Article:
03:00
When you are in datasheet view, you can move from left to right through the rows by pressing either the “Tab” or “Enter” keys on your keyboard. You can move from right to left by pressing “Shift”+“Tab” on your keyboard. You can also use the arrow keys on your keyboard to traverse the records, if you like. Learn this and more during this lecture.
01:34
In datasheet view, you will see a blank row that shows an asterisk (*) in the row selector box at its left end. That is the “New Record” row. When you enter a new record into the table, it is added to the bottom of the table in the “New Record” row. Learn this and more during this lecture.
01:42
To edit a record in datasheet view, simply click into the desired field of the record that you want to edit to place the insertion point into the field. Once the insertion point is within the field, you can edit the field information just as you would in a text document. To save the changes, just exit the cell. Changes to the data in a table are automatically saved after you make them. Learn this and more during this lecture.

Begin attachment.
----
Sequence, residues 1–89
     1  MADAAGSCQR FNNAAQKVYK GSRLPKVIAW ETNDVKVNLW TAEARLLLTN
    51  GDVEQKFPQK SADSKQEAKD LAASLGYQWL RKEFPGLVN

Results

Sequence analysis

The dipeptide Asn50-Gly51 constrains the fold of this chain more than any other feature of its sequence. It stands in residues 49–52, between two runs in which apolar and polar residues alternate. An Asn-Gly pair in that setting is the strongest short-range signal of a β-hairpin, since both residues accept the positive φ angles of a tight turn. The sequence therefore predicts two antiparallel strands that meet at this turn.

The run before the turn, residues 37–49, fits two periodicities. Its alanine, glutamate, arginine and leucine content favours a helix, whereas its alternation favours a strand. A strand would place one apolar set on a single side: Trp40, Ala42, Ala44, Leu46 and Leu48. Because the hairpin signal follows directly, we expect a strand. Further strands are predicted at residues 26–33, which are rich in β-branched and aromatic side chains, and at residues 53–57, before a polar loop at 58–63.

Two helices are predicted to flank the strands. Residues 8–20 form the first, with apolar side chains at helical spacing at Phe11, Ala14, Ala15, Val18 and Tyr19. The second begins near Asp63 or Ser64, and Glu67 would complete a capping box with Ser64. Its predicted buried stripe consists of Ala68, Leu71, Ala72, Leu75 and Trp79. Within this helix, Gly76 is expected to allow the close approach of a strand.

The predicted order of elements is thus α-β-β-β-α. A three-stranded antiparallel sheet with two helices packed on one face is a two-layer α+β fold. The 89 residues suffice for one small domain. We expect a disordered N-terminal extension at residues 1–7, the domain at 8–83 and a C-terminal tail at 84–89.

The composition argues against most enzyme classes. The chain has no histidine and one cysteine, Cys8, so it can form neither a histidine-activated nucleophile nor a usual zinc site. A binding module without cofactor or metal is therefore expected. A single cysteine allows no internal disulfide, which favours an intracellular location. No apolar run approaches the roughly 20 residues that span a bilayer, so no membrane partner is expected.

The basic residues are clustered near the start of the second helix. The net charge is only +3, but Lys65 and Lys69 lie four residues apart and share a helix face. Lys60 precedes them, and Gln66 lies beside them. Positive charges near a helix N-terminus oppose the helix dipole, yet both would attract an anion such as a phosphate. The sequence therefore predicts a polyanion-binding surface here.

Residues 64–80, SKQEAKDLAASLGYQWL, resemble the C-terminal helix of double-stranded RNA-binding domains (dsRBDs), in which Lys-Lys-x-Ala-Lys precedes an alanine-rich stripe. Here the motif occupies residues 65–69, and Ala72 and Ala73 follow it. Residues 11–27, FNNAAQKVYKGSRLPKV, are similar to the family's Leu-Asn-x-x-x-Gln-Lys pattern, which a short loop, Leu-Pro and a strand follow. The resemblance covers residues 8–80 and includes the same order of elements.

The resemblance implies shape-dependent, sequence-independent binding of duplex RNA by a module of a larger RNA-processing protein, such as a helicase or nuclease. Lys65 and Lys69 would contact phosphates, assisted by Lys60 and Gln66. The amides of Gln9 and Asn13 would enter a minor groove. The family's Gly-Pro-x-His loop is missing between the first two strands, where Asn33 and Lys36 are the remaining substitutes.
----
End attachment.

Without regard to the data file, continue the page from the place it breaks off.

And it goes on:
01:40
Once you have created your tables, you may need to modify their structures at a later point in time. You should make the changes in the table’s design view. Another way to open a table in design view is to simply select the name of the table into which you want to insert a new field within the Navigation Pane. Learn this and more during this lecture.
01:20
With Access, you do have the flexibility to rename fields that you have already created. You should be extremely careful when you do this, as any changes that you make to field names are not necessarily updated in all of the related reports, forms, or queries that were previously created and therefore referred to the “old” field names. Learn this and more during this lecture.
01:08
You can also delete table fields that you do not use. Once again, just as when changing a field name, make sure that there aren’t any queries, forms, reports or macros that make reference to the field or use data contained within the field before you delete it. Learn this and more during this lecture.